“Laughter” is Clear and Present in SF Production of Noel Coward Comedy

by Kevin M. Thomas


Noel Coward’s wit is timeless. Most of his best work was done in the 1930s. Yet his sophisticated and often subversive romps are still fresh and lively and often teeming with sexual innuendo – often blatantly gay.

Such is the case of “Present Laughter,” his 1939 play that is presently causing laughter in the Theatre Rhinoceros production, extended through July 2 at San Francisco’s Eureka Theatre.

The best thing the Rhino did in this production is to cast the show’s director John Fisher, in the lead role of Garry Essendine, a self-absorbed actor who seems to be beating them off with a stick – women and men – all of whom are attracted more to his bohemian lifestyle than actually him.

Fisher has a field day in the role, mastering not only a high brow accent, but getting very physical in the role, showing no fear as he almost takes scenes over the top, but reeling it in just before he goes from slapstick to caricature.

He’s a great vessel for the work of Coward, who actually played the part himself when it was first produced.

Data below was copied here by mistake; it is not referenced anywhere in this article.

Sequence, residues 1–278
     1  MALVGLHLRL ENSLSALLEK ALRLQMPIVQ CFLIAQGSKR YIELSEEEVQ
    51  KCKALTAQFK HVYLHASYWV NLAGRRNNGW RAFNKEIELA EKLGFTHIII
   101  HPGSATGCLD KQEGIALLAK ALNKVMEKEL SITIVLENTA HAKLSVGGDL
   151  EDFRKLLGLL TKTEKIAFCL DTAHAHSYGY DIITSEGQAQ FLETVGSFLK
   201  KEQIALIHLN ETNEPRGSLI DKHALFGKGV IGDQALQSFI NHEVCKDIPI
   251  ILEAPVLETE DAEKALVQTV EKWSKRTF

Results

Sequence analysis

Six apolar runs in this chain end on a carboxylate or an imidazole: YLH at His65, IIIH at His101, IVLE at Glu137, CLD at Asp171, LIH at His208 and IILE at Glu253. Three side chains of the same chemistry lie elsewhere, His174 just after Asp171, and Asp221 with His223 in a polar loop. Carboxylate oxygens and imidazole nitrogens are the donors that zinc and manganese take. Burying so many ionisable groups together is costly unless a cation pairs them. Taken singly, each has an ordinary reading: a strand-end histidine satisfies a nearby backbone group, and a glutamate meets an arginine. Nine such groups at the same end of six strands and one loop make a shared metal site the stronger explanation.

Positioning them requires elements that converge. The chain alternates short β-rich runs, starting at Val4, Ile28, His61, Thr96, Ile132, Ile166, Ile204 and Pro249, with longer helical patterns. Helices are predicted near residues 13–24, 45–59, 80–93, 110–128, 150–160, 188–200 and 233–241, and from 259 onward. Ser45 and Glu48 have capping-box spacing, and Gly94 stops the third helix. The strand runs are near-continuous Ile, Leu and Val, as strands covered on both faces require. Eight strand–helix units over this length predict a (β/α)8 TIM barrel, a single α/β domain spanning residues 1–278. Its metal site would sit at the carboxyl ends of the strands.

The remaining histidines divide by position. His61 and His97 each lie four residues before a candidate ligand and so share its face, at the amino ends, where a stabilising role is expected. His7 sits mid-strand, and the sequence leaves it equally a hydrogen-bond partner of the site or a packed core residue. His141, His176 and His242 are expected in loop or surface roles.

The Rhino production also has excellent and Broadway level set designs, thanks to the great work of Gilbert Johnson.

Fisher’s ensemble are also in fine form – playing off Fisher,  the actor very well,  and seemingly well directed by Fisher.

Notable is Ryan Engstrom, who doubles as a personal valet and does musical interludes on the piano between set changes.

Marvin Peterle Rocha is a sexy and strapping addition to the show as a young and very eager playwright who seems on the edge of emotionally exploding in some way. Adrienne Dolan and Amanda Farbstein also are great additions as two of Garry’s amorous starlets who all seem dopey eyed, which is quite the juxtaposition of his deadpan secretary and wife, drolly played by Kathryn Wood and Tina D’Elisa.

Although perhaps 20 minutes too long, “Present Laughter” is still a great period piece that is an excellent choice to be presented by Theatre Rhinoceros.

To get tickets (ending soon, so don’t wait), go to www.therhino.org.